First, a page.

Limited Conventions about Morals

Dissertation, University of Auckland (2017)
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Abstract

n this thesis I describe how conventions specify how to put normative principles into practice. I identify a class of recurring situations where there are some given normative principles in effect, but they underdetermine what each individual should do, and what is best for an individual depends on what others do. I demonstrate that in such cases, whenever the community develops a response that repeatedly brings them to as good an outcome as is available according to their principles, that response is a Lewisian convention where the benefit of an outcome to each individual is measured by the extent to which it conforms to the principles they subscribe to. Since these conventions are constrained by the normative principles, I call them limited conventions. They are supplements to the principles, and are ineradicably involved in moral action insofar as the abovementioned cases of moral underdetermination are in play. That has the consequence that in these cases the only reliable way to follow your principles is to follow the relevant conventions. As examples of this mechanism I offer a conventionalist analysis of authority, such that the commands of an authority is normative when they instantiate a limited convention, and of the variation in understandings of virtue and vice across societies, such that the evaluative vocabulary of each society is a set of different limited conventions about how to express in word and deed the evaluative points of the virtues and vices in question. Finally, I discuss how conventions and similar forms of guidance provide a way for individuals to participate in their community’s moral life without having a full understanding of the principles that underlie it, or even if they are profoundly ignorant or outright mistaken about the demands of morality.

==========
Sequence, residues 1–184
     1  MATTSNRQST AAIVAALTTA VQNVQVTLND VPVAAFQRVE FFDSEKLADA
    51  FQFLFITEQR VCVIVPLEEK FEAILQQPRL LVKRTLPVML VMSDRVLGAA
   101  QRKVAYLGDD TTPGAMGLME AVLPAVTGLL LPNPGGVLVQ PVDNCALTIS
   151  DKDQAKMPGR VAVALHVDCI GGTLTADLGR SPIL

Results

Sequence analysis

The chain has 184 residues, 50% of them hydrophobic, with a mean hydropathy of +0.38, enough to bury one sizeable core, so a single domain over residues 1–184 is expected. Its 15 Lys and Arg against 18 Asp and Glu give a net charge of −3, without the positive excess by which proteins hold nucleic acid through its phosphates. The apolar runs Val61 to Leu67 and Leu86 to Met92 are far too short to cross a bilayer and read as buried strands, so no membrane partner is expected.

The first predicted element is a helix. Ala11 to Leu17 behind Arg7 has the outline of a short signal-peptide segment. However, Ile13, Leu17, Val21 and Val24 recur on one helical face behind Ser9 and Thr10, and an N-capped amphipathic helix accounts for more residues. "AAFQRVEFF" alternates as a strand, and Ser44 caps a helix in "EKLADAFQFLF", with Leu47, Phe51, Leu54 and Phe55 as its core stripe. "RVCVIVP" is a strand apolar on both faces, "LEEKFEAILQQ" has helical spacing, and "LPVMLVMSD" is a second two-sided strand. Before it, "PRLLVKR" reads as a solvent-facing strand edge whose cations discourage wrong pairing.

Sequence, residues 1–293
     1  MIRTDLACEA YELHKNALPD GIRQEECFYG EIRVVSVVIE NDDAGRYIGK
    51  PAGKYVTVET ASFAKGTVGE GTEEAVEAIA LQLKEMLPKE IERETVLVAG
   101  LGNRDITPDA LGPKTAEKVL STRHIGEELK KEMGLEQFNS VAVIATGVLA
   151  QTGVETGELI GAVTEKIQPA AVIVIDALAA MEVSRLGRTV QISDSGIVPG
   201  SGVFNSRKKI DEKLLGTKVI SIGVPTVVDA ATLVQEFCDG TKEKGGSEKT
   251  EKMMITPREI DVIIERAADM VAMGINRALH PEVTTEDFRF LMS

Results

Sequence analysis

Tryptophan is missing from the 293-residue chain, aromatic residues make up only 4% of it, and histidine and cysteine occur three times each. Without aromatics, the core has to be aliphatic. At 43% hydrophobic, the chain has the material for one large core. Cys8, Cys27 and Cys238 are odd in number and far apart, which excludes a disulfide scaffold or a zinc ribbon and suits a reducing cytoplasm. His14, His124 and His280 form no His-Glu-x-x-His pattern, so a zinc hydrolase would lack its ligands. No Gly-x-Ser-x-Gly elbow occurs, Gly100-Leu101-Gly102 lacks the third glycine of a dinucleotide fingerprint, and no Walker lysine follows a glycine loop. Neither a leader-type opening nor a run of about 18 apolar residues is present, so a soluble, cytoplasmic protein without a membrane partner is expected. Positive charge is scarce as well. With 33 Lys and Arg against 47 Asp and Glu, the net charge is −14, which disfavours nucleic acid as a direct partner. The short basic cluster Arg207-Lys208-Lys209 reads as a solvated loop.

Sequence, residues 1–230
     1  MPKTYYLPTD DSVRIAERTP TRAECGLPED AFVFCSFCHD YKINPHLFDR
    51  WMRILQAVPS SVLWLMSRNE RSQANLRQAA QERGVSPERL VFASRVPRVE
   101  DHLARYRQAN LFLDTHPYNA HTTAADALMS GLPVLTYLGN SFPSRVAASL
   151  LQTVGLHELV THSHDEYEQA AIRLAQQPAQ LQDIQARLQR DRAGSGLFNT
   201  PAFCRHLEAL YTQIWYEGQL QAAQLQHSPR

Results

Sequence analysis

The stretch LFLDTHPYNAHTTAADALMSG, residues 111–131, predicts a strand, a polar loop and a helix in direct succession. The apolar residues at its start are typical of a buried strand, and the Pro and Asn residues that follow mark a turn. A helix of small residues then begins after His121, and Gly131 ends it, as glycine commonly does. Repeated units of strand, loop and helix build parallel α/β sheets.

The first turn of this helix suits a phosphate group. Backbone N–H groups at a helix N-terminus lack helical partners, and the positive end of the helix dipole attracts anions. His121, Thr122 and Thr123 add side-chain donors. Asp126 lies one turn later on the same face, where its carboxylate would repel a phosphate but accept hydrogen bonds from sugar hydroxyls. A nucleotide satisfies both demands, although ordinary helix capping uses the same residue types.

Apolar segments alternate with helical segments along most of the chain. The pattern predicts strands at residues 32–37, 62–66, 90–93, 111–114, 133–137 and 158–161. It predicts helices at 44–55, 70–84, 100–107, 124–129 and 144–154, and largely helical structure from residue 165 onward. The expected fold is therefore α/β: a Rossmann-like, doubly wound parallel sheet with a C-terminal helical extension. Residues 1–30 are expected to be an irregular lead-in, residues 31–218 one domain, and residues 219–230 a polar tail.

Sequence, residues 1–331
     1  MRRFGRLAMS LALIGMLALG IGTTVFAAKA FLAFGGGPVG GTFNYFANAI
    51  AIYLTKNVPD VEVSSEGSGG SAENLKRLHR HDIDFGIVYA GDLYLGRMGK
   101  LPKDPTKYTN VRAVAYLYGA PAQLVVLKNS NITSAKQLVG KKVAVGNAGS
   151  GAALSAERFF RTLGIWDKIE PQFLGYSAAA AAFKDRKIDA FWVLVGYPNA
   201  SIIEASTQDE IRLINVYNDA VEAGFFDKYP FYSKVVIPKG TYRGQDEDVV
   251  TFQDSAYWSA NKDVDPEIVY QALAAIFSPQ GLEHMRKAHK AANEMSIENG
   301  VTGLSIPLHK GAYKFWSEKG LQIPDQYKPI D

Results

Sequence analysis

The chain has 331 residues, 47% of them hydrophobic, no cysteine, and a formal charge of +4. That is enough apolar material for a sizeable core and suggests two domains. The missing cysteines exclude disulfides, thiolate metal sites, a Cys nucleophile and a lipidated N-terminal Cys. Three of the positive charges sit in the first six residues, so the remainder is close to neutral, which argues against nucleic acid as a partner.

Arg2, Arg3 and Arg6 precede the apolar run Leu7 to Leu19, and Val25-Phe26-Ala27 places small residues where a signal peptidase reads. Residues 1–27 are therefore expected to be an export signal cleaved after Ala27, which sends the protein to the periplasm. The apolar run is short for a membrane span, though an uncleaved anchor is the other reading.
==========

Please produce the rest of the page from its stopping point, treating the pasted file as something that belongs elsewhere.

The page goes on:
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Marinus Ferreira
Macquarie University

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